Veteran singer-songwriter David Olney takes a poetic look at the darkness inevitably surrounding the current immigration crisis, pleading for open hearts and mercy in the process. It’s not quite a themed album but, for the most part, it reads that way. “I wanted to explore the idea of walls,” says Olney,” What does a wall mean? What does it mean to be an immigrant who comes upon that wall as a wanderer, someone lost and alone?” Olney’s point of view is inferred from the songs as he takes the third person approach. “I’m not comfortable writing abut my own dirty laundry. It’s better for me to look at characters and what they might be going through. When I write about the heavy stuff of life, it’s usually while I’m in someone else’s shoes.”
On This Side or the Other Olney teams with label owner, Juno-Award winning producer and multi-instrumentalist Steve Dawson who splits his time between his home in Vancouver and Nashville these days. Olney is one of the pillars of Americana, a songwriters’ songwriter, who can attract the best session players. Joining him are Country Music Hall of Fame harmonicist Charlie McCoy, singer-songwriter Anne McCue, The McCrary Sisters, Fats Kaplin, Dawson, and his regular band: Daniel Seymour on bass, Ward Stout on fiddle, and Justin Amaral on drums. These ten songs are both fresh and taken from old writings. Olney also collaborates with friends, co-writing three with John Hadley, penning the title track with both Hadley and McCue, and one with Abbie Gardner. He also takes a marvelous reading of The Zombies’ “She’s Not There.”
Olney was thinking of Johnny Cash, the eternal outsider, for the opener “Always a Stranger,” colored by Stout’s fiddle and McCoy’s full-bodied enveloping harmonica tone. The tone gets dark and bluesy for “Wall” as Olney rather existentially raises the symbolism of a wall which is necessary for a door which, in turn, is necessary for a lock, which in turn, is necessary for a key. He summarizes so succinctly in the last verse – “Brick by brick, stone by stone/You build a wall and then it’s done/Fear by fear, doubt by doubt/You keep me in you keep me out.” He takes a metaphorical look at borders in “Border Town,” featuring the McCrarys on background vocals and Dawson on the hybrid string instrument, the mandotar.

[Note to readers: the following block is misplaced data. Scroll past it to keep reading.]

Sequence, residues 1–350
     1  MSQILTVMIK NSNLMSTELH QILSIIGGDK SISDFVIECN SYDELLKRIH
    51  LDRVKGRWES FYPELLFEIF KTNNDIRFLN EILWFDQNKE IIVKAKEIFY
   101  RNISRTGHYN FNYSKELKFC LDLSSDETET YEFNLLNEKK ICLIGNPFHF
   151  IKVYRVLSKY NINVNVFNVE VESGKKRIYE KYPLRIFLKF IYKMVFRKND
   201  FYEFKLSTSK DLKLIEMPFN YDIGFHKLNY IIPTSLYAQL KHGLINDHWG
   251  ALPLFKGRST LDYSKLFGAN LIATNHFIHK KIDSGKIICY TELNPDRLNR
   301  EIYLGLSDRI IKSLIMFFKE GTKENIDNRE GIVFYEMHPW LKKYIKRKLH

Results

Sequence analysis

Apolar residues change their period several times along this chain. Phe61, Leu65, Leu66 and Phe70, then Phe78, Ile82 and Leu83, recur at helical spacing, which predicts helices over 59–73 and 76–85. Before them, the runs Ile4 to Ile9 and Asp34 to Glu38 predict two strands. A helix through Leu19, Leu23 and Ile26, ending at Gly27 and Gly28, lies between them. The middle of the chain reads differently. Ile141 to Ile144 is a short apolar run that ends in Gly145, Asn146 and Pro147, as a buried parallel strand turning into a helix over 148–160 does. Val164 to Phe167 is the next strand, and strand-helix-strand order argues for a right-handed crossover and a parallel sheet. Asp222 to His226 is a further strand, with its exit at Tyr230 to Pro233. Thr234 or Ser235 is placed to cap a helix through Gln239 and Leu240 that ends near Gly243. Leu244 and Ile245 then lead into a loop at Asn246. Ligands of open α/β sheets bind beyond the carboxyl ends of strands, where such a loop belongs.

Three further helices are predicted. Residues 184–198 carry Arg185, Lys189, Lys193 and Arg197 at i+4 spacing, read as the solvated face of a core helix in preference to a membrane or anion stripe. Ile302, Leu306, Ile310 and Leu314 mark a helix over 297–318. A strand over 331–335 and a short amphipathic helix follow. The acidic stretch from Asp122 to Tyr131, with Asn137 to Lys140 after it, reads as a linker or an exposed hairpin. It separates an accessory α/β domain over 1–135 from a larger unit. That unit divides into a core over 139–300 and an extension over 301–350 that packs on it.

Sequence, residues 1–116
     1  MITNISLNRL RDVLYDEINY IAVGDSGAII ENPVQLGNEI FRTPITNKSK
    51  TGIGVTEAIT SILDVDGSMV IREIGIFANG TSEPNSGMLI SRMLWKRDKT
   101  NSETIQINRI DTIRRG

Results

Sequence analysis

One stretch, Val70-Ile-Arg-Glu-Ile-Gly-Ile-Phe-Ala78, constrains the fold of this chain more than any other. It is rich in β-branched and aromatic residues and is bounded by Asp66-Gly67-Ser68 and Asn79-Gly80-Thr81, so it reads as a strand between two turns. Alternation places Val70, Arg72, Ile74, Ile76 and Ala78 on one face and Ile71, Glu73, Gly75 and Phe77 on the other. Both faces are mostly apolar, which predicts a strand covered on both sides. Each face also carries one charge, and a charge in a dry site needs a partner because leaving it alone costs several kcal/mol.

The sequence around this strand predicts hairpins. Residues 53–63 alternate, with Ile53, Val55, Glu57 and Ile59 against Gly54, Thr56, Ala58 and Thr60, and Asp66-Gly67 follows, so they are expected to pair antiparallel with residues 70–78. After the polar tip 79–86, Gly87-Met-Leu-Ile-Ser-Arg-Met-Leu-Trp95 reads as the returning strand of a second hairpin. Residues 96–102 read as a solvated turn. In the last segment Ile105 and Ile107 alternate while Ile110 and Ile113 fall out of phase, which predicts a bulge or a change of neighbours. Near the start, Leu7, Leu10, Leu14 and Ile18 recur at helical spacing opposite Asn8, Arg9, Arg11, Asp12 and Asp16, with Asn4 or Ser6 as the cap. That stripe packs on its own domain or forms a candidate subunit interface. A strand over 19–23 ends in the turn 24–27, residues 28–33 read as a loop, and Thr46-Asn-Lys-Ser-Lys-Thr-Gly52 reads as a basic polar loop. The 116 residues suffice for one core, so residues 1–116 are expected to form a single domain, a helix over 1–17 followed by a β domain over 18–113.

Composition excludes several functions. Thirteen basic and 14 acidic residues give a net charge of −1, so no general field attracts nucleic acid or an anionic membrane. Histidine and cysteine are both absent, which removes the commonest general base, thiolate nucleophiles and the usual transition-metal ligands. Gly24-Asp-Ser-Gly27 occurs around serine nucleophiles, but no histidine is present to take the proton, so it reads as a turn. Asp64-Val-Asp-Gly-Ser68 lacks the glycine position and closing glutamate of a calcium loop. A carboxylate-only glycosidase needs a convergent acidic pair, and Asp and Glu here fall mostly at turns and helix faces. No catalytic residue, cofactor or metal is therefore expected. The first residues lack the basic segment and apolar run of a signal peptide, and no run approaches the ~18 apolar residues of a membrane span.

Two songs about spies come with spooky backdrops. McCue’s voice is the perfect complement on “I Spy” while “Running From Love,” an older song gets a more upbeat treatment with McCoy, Stout, and Dawson adding crisp solos. The title track takes its idea from the film about Boston gangsters, “The Town,” with Dawson on pedal steel and McCue again singing angelically. “Death Will Not Divide Us,” written with Gardner, has biblical references and the McCrary Sisters bringing the gospel feel, as Dawson delivers an inspired guitar solo. “Open Your Heart (And Let Me In) is a melodic love song, apart from the prevailing theme again featuring McCue. “Stand Tall” is one that Olney’s been working with for years, a stoic statement that invokes migrant workers, miners, troubadours and prisoners. Lines like these “here they teach you while you’re young/There’s a price you have to pay for being real/ You have to learn to walk away/To close your heart pretending you don’t, feel/But you know you feel” give us reassurance that Olney’s going to be strong and be a comforting voice. Olney likens “She’ Not There” to a magic trick. You’re looking for her and she somehow disappears.
We can just as easily call this pairing of Olney with Dawson and these musicians magical too. Words can be a powerful force. In the hands of master wordsmith Olney, they can work wonders.